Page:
“Ain’t No Thing” is another song that you can dance to. It’s not a groundbreaking track by any means, but it fits in well with this album. It’s something that Dierks Bentley would release, or maybe even the Dixie Chicks back in the early 2000’s. It’s a cute fast-tempo that shows off her playful side.

“Let’s Fight” is a groovy little tune about a woman sick of being ignored by her lover, so she wants to fight with him so they can make-up for it later that weekend. The lyrics are smart, and her voice is sultry. I think it would be a great choice for a single, since there aren’t many songs like this on the radio today: in terms of sound or topic. It’s a positive change from the usual love song on country radio today.  “Let’s Fight” is a sexy little song with great potential and Roberts controls her vocals with confidence on the track. It’s one of the stronger songs on the album.

“Whiskey And You” is a pretty song, but unfortunately it’s just one too many ballads on the album. Her vocals explode in the chorus, and the lyrics are smart, but the song may be skipped over since there are so many slower tempo tracks on the album already. It’s still a beautiful song, and her voice is spot on, but there’s already a handful of slow songs on “Alive” that it loses some of its appeal.

“Carolina From My Soul” is a song where Roberts proudly sings about where she’s from and no matter how far away she is from Carolina, that she’ll always be a Carolina girl. It opens with a piano, which at times is louder than her vocals on the verses.  It’s a solid track that people can relate to who have had to move away where they’re from but still remember where they’re from. It’s a different take on the small town girl theme, although it’s probably not single material, it’s still a nice addition to the album as a whole. After everything she has been through, she once again proves that she knows who she is and won’t forget that.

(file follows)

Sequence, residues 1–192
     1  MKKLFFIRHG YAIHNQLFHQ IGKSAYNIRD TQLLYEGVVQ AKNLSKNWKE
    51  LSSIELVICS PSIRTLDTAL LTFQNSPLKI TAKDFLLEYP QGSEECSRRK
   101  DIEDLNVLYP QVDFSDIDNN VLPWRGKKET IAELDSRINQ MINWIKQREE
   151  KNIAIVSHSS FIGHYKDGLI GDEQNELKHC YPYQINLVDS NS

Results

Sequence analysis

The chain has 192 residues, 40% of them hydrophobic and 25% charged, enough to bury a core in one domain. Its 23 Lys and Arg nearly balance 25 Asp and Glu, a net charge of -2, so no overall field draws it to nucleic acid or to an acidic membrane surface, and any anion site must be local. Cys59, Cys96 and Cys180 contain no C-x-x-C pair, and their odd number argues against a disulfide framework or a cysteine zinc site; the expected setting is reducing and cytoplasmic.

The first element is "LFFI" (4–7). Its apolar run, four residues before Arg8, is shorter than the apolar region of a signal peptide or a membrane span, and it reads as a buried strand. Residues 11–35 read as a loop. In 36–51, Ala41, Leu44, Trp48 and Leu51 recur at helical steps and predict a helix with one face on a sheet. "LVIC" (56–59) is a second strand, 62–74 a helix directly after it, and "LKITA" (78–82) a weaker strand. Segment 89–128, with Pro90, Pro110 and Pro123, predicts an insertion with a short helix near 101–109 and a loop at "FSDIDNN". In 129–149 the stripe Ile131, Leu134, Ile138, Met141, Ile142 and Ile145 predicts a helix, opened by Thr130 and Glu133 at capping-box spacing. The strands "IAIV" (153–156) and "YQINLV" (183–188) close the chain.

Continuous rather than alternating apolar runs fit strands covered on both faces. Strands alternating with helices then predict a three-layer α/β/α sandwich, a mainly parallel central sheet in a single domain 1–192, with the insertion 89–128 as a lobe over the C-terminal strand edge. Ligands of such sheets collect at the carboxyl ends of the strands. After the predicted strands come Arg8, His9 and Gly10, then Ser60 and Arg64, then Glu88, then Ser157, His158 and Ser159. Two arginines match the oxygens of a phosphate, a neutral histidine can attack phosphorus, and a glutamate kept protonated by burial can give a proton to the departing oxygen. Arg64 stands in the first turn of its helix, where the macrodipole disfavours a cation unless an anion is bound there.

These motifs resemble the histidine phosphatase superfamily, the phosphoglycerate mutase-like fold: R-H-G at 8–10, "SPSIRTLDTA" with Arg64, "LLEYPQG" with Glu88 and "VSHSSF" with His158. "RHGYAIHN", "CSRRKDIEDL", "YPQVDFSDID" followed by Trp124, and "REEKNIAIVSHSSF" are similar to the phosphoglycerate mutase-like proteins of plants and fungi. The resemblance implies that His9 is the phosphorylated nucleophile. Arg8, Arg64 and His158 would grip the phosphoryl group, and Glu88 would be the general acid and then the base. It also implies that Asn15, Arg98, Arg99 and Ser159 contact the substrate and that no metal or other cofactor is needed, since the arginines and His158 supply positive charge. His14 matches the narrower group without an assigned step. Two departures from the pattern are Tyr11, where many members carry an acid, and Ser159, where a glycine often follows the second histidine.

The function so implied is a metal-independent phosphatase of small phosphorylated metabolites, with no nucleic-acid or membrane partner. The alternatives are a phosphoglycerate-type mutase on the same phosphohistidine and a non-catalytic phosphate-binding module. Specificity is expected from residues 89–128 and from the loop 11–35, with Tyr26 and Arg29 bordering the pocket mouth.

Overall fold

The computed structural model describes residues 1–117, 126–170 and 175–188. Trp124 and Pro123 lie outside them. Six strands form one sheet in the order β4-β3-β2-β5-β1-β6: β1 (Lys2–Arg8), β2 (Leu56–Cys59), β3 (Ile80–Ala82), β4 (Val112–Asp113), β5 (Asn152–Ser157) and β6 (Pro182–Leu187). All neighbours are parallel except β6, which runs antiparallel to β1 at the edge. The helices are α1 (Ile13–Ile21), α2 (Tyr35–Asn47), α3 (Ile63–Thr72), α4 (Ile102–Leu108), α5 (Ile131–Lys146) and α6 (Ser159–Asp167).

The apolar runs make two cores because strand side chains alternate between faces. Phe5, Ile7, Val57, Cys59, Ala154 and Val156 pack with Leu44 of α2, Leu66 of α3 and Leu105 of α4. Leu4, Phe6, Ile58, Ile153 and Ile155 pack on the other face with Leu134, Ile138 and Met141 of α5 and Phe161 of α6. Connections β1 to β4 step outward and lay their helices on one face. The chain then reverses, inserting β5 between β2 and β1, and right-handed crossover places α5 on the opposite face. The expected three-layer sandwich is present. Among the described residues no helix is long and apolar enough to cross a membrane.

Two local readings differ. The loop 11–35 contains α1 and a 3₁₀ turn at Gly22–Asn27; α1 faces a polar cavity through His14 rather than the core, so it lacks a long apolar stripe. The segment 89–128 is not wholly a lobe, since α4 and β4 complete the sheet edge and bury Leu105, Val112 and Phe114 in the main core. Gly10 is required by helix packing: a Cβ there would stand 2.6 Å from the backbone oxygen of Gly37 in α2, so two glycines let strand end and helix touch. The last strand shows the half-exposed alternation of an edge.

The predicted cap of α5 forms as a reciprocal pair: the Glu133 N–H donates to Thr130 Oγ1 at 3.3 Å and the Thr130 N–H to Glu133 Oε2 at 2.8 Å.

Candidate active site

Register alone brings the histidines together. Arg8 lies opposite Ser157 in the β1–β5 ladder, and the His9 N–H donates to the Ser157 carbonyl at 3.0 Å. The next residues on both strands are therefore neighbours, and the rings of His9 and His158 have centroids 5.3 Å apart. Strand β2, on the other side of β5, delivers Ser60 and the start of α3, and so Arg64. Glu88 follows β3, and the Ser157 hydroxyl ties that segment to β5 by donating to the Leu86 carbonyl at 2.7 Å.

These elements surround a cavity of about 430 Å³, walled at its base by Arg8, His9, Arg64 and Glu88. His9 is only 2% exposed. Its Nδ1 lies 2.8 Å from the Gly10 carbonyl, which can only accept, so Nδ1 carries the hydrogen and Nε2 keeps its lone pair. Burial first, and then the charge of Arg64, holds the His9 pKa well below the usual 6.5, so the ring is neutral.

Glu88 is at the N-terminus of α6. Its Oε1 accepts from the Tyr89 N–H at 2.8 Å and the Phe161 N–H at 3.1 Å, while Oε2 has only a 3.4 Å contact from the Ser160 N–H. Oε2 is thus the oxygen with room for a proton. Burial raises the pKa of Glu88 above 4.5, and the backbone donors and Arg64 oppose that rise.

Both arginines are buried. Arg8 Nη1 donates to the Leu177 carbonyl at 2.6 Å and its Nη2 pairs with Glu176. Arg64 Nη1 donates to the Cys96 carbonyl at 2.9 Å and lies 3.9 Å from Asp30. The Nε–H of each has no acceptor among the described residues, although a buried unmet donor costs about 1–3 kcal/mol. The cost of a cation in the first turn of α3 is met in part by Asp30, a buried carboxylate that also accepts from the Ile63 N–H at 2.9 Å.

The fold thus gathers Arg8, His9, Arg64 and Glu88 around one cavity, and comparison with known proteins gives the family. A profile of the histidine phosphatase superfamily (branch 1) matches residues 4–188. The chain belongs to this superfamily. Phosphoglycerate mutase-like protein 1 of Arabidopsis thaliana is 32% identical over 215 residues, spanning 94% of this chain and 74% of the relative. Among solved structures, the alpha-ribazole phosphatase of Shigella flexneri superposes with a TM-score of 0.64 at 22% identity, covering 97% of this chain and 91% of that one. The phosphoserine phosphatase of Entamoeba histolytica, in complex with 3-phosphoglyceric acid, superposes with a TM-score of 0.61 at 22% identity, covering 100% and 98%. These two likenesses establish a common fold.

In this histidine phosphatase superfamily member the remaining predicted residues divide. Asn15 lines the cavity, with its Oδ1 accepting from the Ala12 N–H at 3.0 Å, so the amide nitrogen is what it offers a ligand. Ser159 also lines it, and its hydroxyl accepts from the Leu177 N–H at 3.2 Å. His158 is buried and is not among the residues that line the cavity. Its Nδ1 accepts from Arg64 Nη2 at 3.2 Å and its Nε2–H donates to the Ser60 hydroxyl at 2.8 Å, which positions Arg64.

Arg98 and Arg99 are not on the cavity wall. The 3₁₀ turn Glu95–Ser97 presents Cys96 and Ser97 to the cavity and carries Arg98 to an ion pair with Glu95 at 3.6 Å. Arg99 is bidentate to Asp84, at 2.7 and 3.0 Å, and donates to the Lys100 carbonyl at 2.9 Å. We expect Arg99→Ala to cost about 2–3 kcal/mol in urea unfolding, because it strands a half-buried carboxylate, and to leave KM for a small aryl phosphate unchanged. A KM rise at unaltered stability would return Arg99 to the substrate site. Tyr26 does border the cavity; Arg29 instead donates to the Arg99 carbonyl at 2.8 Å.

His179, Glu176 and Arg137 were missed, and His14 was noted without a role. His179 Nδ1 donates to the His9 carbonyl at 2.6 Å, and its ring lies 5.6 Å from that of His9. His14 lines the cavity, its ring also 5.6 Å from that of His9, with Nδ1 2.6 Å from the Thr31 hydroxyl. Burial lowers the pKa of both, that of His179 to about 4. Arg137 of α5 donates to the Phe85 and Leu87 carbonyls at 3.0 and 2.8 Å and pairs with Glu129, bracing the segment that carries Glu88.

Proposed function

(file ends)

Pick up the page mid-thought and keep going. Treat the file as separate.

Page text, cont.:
“Nascar Party” closes off the album with her current single. I wasn’t sure what to think of the single at first by just looking at the cheesy title, but it’s much better than I had expected. It’s a song about her love for racing. It’s one of the few toe tapping songs on the album, and even for someone who isn’t a fan of Nascar, it’s a cute little single promoting the race track. I don’t know if I personally would have chosen it as a single, since it sounds like something for a younger singer than Roberts, but it works with her vocals.

Overall, this is a much more solid album than her other releases under a record label. Roberts shines as an independent artist in full control of her career. Her confidence shows now, and it’s sad to know that she had lost her confidence as a singer during her sophomore album. If you like artists like Kellie Pickler or Jewel then this is definitely something you should check out. She also offers autographed copies of her albums if you buy them from her website instead of other retailers.

Roberts voice is magical and something that many of the bigger stars today wish they had. It’s not something that can be taught, it’s a gift and a talent. Even if she doesn’t get back on to a major recording label, it might be better for the long run in terms of her artistry. After everything this woman’s been through, it helped her put together a solid album that she has to be proud of.

“Alive” is available now, and it’s a smart purchase to make through her official website since she will autograph the copy for you.

RATING:  7.5 out of 10
DOWNLOAD: Mama Said Don’t, Stronger, Alive, Let’s Fight.

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A 26 year-old Canadian girl currently living in England for a culinary career. Fell in love with country music and cooking at a young age, and looks for a way to do both.